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What is Positive Displacement Flow Meter ?

A positive displacement flow meter is a cyclic mechanism built to pass a fixed volume of fluid through with every cycle. Every cycle of the meter’s mechanism displaces a precisely defined (“positive”) quantity of fluid, so that a count of the number of mechanism cycles yields a precise quantity for the total fluid volume passed through the flow meter.

Many positive displacement flow meters are rotary in nature, meaning each shaft revolution represents a certain volume of fluid has passed through the meter.

Some positive displacement flow meters use pistons, bellows, or expandable bags working on an alternating fill/dump cycle to measure discrete fluid quantities.

Positive displacement flow meters have been the traditional choice for residential and commercial natural gas flow and water flow measurement in the United States (a simple application of custody transfer flow measurement, where the fluid being measured is a commodity bought and sold).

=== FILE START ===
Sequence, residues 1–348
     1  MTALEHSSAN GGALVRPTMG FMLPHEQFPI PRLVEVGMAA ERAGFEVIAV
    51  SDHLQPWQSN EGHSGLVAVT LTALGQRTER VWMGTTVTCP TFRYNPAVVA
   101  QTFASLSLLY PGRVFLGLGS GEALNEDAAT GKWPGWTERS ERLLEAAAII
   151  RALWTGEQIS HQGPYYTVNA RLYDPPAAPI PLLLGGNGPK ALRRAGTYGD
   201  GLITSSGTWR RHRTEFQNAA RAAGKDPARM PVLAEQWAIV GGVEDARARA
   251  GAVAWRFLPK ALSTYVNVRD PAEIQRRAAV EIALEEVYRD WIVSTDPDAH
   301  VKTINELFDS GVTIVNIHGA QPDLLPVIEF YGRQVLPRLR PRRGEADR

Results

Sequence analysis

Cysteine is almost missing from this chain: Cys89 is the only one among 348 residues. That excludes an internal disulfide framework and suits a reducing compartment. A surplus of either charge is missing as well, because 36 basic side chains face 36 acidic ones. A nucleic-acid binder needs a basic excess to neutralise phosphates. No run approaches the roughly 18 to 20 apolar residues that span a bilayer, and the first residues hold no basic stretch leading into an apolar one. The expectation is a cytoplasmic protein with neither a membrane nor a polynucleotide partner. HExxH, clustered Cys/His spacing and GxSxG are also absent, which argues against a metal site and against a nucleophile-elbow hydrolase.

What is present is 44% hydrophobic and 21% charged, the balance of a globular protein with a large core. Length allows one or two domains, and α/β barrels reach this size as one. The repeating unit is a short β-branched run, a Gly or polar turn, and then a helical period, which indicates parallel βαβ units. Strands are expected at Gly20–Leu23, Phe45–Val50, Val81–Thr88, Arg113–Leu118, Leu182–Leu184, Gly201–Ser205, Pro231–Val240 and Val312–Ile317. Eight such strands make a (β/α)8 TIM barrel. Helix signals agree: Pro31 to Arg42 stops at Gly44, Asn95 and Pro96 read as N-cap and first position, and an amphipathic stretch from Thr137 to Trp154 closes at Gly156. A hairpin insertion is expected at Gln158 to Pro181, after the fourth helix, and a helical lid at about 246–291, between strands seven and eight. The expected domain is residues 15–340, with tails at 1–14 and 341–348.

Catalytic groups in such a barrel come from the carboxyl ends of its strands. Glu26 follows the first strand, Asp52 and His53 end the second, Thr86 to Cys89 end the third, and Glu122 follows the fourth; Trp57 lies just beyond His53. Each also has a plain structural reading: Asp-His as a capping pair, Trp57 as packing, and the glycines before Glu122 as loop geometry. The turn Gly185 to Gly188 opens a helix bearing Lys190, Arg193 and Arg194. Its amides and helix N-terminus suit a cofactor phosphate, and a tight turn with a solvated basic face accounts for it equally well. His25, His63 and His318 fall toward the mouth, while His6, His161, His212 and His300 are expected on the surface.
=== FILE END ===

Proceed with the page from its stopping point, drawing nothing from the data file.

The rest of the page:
The cyclic nature of a positive displacement meter lends itself well to total gas quantity measurement (and not just flow rate), as the mechanism may be coupled to a mechanical counter which is read by utility personnel on a monthly basis.

Positive Displacement Flow Meter

A rotary gas flow meter is shown in the following photograph. Note the odometer-style numerical display on the left-hand end of the meter, totalizing gas usage over time:

Positive displacement flow meters

Positive displacement flow meters rely on moving parts to shuttle quantities of fluid through them, and these moving parts must effectively seal against each other to prevent leakage past the mechanism (which will result in the instrument indicating less fluid passing through than there actually is).

In fact, the defining characteristic of any positive displacement device is that fluid cannot move through without actuating the mechanism, and that the mechanism cannot move

without fluid passing through. This stands in contrast to machines such as centrifugal pumps and turbines, where it is possible for the moving part (the impeller or turbine wheel) to jam in place and still have fluid pass through the mechanism. If a positive displacement mechanism jams, fluid flow absolutely halts.

Also Read : Types of Positive displacement flow meters